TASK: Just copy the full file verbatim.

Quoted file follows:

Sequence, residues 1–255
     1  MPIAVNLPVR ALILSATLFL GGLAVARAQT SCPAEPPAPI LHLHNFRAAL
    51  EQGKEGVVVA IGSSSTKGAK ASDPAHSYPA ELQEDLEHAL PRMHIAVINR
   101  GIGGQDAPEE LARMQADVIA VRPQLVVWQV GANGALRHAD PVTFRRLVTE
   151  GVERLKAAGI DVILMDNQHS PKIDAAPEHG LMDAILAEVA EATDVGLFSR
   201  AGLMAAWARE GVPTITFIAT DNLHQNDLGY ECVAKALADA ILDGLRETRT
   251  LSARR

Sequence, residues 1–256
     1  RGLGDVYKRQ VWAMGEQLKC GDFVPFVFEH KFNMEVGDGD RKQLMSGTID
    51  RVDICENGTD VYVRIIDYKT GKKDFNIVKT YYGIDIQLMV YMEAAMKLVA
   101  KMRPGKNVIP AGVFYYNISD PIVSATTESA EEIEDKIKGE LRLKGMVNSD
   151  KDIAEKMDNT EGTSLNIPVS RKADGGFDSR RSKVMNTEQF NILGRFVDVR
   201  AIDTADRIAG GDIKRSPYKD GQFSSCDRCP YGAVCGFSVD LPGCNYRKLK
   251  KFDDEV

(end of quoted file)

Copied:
Sequence, residues 1–255
     1  MPIAVNLPVR ALILSATLFL GGLAVARAQT SCPAEPPAPI LHLHNFRAAL
    51  EQGKEGVVVA IGSSSTKGAK ASDPAHSYPA ELQEDLEHAL PRMHIAVINR
   101  GIGGQDAPEE LARMQADVIA VRPQLVVWQV GANGALRHAD PVTFRRLVTE
   151  GVERLKAAGI DVILMDNQHS PKIDAAPEHG LMDAILAEVA EATDVGLFSR
   201  AGLMAAWARE GVPTITFIAT DNLHQNDLGY ECVAKALADA ILDGLRETRT
   251  LSARR

Sequence, residues 1–256
     1  RGLGDVYKRQ VWAMGEQLKC GDFVPFVFEH KFNMEVGDGD RKQLMSGTID
    51  RVDICENGTD VYVRIIDYKT GKKDFNIVKT YYGIDIQLMV YMEAAMKLVA
   101  KMRPGKNVIP AGVFYYNISD PIVSATTESA EEIEDKIKGE LRLKGMVNSD
   151  KDIAEKMDNT EGTSLNIPVS RKADGGFDSR RSKVMNTEQF NILGRFVDVR
   201  AIDTADRIAG GDIKRSPYKD GQFSSCDRCP YGAVCGFSVD LPGCNYRKLK
   251  KFDDEV